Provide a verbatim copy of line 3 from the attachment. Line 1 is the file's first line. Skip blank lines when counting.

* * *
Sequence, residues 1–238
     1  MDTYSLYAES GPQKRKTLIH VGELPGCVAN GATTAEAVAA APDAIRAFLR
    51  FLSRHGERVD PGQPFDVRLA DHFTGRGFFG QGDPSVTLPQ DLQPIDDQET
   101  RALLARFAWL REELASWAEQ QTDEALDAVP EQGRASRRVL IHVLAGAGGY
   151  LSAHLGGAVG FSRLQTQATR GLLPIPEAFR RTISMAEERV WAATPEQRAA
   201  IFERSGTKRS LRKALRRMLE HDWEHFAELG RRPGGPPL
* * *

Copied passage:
    51  FLSRHGERVD PGQPFDVRLA DHFTGRGFFG QGDPSVTLPQ DLQPIDDQET